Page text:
Cognitive impairment in stroke and multiple sclerosis

Belcher, Andrew (2021) Cognitive impairment in stroke and multiple sclerosis. PhD thesis, University of Nottingham.

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Abstract

Background: Due to the world’s ever-growing and ageing population, dementia and cognitive impairments are major global health and socioeconomic burdens. Stroke is a leading cause of acquired cognitive impairment and dementia. Multiple sclerosis (MS) although less common than stroke, also causes cognitive impairment and in rare cases overt dementia. The risk factors for cognitive decline are still not fully understood and there is currently no recommended intervention for preventing cognitive decline. Therefore, we must determine which risk factors are associated with cognitive impairment and which interventions can help to delay or prevent the onset of cognitive impairment, to reduce the number of people who suffer from cognitive decline.

Methods and results: The clinical and radiological predictors of post-stroke cognitive impairment (PSCI), following an ischaemic stroke (IS) or transient ischaemic attack (TIA) in previously independent adults, were investigated using data from the international multicentre randomised control trials, ENOS and TARDIS. Together (Chapter 3), this dataset of 4798 participants, is one of the largest international hospital-based studies of PSCI to date. The predictors of post-stroke cognitive decline in this cohort were older age, greater stroke severity (National Institute of Health Stroke Scale (NIHSS)), pre-stroke disability (modified Rankin Scale (mRS)), non-UK participants, history of atrial fibrillation, lower systolic blood pressure, and higher heart rate.

The clinical and radiological predictors of PSCI, following an intracerebral haemorrhage (ICH) in previously independent adults, were investigated using data from the international multicentre randomised control trial, TICH-2 (Chapter 4). This study involved 693 participants and is one of the largest cohorts of ICH survivors that focused on cognitive impairment. The predictors of long-term SCI were older age, non-Caucasian ethnicity, a greater level of deprivation (Index of Multiple Deprivations (IMD)), reduced level of consciousness (Glasgow coma scale (GCS)) and lobar ICH.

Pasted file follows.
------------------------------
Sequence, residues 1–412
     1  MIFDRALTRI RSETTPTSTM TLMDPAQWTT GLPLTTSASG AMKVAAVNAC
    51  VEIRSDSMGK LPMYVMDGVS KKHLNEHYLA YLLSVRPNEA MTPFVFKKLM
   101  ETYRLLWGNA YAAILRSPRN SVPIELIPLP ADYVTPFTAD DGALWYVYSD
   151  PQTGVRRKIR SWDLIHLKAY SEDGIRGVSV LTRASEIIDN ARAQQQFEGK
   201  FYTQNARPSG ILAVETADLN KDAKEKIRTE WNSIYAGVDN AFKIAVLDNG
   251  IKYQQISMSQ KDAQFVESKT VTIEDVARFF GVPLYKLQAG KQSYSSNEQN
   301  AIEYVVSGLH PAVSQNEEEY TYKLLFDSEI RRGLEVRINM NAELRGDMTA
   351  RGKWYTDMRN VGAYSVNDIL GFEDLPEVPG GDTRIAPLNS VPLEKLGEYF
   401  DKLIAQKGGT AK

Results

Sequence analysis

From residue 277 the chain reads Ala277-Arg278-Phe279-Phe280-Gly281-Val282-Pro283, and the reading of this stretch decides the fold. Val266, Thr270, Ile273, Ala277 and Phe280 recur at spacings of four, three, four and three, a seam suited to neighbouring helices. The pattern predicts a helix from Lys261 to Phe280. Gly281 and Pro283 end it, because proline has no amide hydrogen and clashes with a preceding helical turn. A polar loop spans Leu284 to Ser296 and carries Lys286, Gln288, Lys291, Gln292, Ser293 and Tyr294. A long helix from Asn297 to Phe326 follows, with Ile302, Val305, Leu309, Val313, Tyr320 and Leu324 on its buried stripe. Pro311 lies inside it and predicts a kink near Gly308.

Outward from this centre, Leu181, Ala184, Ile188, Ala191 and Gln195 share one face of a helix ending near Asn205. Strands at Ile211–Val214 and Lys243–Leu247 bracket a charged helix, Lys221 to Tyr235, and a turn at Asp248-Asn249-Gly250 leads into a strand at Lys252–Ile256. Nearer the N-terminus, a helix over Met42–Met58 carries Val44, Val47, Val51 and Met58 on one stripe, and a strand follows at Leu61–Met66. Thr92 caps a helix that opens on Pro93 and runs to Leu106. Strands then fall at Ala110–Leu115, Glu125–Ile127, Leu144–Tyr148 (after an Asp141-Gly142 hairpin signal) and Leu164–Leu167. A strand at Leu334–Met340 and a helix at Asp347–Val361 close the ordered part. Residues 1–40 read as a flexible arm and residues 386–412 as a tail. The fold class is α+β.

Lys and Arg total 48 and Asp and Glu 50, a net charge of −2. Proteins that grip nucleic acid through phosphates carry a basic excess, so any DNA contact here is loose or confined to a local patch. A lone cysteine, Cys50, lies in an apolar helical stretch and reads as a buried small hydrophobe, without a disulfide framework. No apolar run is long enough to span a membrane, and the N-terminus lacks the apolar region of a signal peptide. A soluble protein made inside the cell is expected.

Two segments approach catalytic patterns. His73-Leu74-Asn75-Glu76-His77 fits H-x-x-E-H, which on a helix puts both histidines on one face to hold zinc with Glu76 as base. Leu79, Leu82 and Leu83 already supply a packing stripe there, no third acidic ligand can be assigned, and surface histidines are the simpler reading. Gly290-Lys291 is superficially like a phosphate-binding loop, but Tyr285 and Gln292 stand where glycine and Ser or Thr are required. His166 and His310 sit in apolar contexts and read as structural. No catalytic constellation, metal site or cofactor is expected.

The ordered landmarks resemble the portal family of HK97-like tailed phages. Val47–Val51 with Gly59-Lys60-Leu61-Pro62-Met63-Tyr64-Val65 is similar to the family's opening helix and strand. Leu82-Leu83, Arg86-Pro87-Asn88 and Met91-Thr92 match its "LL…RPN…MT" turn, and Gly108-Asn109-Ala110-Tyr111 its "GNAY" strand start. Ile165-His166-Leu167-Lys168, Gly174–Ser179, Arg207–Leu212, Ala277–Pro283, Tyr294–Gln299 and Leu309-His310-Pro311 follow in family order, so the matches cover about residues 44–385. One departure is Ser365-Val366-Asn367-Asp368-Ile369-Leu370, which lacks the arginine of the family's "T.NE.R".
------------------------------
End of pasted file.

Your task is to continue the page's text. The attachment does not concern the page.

The effectiveness of intensive blood pressure and lipid-lowering on cognitive outcomes in patients with a recent stroke was investigated in the multicentre randomised trial, PODCAST (Chapter 5). Intensive BP and lipid-lowering did not alter cognition and did not have any long-lasting effects on cognition in participants approximately 5 years after stroke. Intensive lipid-lowering might still be partially effective at 33 months according to the global outcome and global cognition analysis.

The effectiveness of live hookworm infection on cognition in multiple sclerosis (MS) patients, as well as the clinical and radiological associations of cognitive function in MS patients, was investigated in the WIRMS trial (Chapter 6). We showed that there were no effects of hookworm infection on cognitive function, quality of life or fatigue over the 6 months of active treatment. We also showed there was no significant change in the cognition and functional outcomes over time in all participants and across both treatment groups. Worse cognitive function was associated with a greater number of T2 lesions and a poorer quality of life.

Discussion: The key predictors of cognitive impairment after IS and ICH were older age, a greater stroke severity, and non-UK/non-Caucasian ethnicity. Blood pressure and heart rate were identified as potential therapeutic targets for the prevention of cognitive decline after IS. An important predictor of cognitive decline after ICH was a greater level of social deprivation. Blood pressure and lipid interventions in stroke patients, and parasitic infection in MS patients, did not affect cognitive function, however, they are still feasible and require further study. A major limitation of cognition studies is the loss of participants to follow up due to disease severity therefore informant-based cognition questionnaires are essential. Future research should consider accounting for a participant’s level of education, ethnicity and other race-related factors, socioeconomic status, and should perform MRI scans and genetic analysis (AD biomarkers) where possible.

Conclusion: In conclusion, cognitive impairment due to stroke or multiple sclerosis is a socioeconomic burden that will continue to grow without further research into its risk factors and in turn potential interventions.

Item Type: Thesis (University of Nottingham only) (PhD)
Supervisors: Sprigg, Nikola
Constantinescu, Cris
Keywords: Stroke; Cerebral vascular disease; Multiple sclerosis; cognitive decline
Subjects: W Medicine and related subjects (NLM Classification) > WL Nervous system
Faculties/Schools: UK Campuses > Faculty of Medicine and Health Sciences > School of Medicine
Item ID: 66953
Depositing User: Belcher, Andrew
Date Deposited: 04 Apr 2022 10:28
Last Modified: 04 Apr 2022 10:28
URI: http://eprints.nottingham.ac.uk/id/eprint/66953

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